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TopFeature ArchivesArtist Hall of FameAlton Ellis
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Alton EllisText by Harry Hawks
Alton Ellis was, beyond any doubt, Jamaica's most soulful singer ever and his influence on the development of Jamaican music through his matchless singing and song-writing is profound.
Alton Ellis
Alton Ellis
Real Name Alton Nehemiah Ellis
Born Sep 1, 1938
Died Oct 10, 2008
Place of Birth Kingston Jamaica
Related Artist(s)
Mr Soul Of Jamaica, born Alton Nehemiah Ellis in Western Kingston 1st September 1938, not only possessed one of the most expressive voices in Jamaican music full of emotion, exuberance and love but also wrote some of the finest and most memorable songs in the history of reggae. He regarded himself primarily as an interpreter of other people's material although Alton's self deprecation was typical of a man who did more to fashion the fabric of reggae music than many other, more celebrated, performers.

Alton came from a musical family and his younger sister, Hortense Ellis, appeared in six semi finals and four finals of the Vere Johns Opportunity Hour. Alton also triumphed in Vere Johns' legendary talent contests but for his dancing prowess rather than his singing skills.

"I win a couple of contests dancing and then switch to singing... in those days you have a lot of harmony singers in pair: Higgs & Wilson, Blues Busters, Charmers, Clarendonians, Melodians."

In the early sixties Alton formed a partnership with Eddy Perkins; the pair wrote a heart rending ballad, 'Muriel', and took the song to Clement 'Coxsone' Dodd(CS Dodd) who recorded it and released it on his Worldisc label. It was a huge hit which they followed up with 'My Heaven'. Alton and Eddy also recorded 'Let Me Dream' and 'Love Divine' for Vincent Chin(VIncent 'Randy' Chin)'s Randy's(Randys) label in a similar lachrymose style. At this time no-one saw the nascent Kingston music scene as a long term prospect and these fledgling singers, with their shared love of music, wanted nothing more than to become well known local personalities.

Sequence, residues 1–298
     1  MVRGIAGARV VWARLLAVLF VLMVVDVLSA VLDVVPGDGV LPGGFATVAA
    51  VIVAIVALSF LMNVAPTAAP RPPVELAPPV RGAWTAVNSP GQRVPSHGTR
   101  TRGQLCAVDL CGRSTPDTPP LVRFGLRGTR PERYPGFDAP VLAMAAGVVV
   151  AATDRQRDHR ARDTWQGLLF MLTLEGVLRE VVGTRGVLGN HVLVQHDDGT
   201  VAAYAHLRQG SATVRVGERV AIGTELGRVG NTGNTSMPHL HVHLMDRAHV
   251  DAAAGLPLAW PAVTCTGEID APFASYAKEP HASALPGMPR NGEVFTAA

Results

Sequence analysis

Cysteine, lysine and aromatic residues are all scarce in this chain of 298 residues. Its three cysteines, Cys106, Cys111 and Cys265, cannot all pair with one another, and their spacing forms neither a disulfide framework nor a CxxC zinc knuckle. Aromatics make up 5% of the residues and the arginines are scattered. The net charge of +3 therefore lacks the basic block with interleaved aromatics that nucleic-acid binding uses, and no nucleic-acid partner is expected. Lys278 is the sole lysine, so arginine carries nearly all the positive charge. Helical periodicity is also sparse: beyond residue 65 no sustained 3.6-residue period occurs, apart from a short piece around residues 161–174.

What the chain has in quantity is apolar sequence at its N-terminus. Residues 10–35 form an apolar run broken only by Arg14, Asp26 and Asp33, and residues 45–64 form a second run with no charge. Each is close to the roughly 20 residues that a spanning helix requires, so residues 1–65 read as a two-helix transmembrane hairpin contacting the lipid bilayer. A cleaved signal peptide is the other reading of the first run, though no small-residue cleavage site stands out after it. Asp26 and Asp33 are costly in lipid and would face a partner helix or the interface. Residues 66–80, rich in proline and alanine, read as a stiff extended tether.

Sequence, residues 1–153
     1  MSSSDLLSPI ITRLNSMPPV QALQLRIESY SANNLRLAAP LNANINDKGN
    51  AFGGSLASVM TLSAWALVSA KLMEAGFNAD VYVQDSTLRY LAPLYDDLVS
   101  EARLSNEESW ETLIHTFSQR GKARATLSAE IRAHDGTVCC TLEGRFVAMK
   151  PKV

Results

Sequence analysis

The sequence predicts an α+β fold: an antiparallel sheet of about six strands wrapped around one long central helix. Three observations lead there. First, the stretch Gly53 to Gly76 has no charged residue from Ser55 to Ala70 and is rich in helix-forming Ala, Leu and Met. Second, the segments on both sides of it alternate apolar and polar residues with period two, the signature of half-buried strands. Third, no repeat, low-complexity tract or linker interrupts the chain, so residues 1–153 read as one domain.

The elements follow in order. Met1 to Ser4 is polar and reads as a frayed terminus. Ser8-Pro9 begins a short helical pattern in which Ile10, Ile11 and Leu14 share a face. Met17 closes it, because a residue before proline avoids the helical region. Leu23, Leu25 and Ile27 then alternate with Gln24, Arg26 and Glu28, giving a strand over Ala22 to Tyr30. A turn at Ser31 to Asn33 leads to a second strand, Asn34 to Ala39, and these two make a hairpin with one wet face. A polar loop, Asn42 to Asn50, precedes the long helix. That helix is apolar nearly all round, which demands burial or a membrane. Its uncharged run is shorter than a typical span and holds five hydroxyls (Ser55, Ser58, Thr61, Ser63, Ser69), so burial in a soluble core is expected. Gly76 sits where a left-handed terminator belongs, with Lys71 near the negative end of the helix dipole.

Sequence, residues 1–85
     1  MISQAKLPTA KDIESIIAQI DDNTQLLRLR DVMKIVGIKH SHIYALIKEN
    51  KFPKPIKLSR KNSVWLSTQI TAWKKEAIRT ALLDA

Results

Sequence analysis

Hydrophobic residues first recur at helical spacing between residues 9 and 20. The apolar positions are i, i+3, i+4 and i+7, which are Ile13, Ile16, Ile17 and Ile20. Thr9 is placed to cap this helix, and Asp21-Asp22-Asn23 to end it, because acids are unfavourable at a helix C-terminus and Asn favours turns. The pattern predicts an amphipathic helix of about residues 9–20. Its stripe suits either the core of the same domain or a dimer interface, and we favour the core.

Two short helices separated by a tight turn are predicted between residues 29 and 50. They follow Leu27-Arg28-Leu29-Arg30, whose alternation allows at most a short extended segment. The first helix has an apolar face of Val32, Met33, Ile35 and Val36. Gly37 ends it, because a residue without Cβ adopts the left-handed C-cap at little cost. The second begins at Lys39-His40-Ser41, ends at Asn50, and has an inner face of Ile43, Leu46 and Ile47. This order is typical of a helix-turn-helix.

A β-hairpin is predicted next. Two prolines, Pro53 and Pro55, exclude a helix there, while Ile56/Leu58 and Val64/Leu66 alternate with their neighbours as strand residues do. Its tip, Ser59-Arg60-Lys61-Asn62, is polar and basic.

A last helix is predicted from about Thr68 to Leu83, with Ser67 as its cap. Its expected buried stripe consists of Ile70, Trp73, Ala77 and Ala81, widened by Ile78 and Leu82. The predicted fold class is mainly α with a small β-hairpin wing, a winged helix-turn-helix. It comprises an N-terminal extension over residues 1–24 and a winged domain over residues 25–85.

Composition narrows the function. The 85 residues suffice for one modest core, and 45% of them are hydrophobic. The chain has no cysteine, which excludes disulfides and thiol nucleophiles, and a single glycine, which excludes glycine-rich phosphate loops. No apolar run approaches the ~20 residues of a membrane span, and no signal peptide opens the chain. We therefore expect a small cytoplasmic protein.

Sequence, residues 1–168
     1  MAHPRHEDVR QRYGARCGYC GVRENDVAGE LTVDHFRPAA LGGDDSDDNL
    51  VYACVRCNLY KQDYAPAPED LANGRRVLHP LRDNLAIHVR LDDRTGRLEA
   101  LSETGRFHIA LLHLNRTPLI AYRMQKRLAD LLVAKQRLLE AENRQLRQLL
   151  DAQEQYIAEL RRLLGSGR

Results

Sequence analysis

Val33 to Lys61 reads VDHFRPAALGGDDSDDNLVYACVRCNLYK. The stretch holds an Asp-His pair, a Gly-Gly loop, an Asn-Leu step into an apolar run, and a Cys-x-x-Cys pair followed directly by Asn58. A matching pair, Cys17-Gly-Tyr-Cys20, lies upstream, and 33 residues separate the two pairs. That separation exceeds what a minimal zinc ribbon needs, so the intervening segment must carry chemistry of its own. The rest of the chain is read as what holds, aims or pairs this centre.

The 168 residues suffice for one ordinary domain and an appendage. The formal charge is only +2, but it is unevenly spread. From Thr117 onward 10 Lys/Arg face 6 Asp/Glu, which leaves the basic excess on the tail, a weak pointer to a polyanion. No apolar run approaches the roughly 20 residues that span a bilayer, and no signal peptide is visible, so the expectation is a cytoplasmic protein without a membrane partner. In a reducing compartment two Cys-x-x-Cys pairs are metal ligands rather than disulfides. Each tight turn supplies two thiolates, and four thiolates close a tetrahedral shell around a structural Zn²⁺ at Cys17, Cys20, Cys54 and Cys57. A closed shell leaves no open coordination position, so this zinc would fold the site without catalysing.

"You are a guy from the ghetto and you want to be on the radio, the TV, to be on the Christmas morning big concert. It really was the recognition."

Eddy Perkins departed for a solo career and Alton started to work for Dodd's arch rival Duke Reid's Treasure Isle label as lead singer of Alton & The Flames. As rock steady came to prominence in 1966 Alton became the undisputed leader in this brand new musical field and Treasure Isle the undisputed top studio and record label. Rock steady allowed singers, influenced by American harmony groups such as The Impressions, to express themselves in a uniquely Jamaican way. Alton's 'Rock Steady' seven inch release was one of the first ever records to use the term and his long playing 'Mr Soul Of Jamaica' for Duke Reid is rightly regarded by the cognoscenti as the definitive rock steady album.

He was one of the first Jamaican singers whose songs reflected local social issues and, while others remained ambivalent towards the lawless behaviour of the rude boys, Alton put himself in the firing line and issued a series of records, including 'The Preacher' and 'Blessings Of Love', that condemned their anti social behaviour. In 'Dance Crasher' he urged the rude boys to do something constructive with their lives and, instead of committing acts of negative violence, to be more like local hero boxer Bunny Grant. But taking a stand like this in the volatile area of Kingston where Alton lived only served to make him another rude boy target.

"Then I got threatened a couple of times. Living in Trench Town and being in that environment amongst the people and being an artist I'm easy to get at. So I tell Duke Reid I would refrain from singing these types of songs..."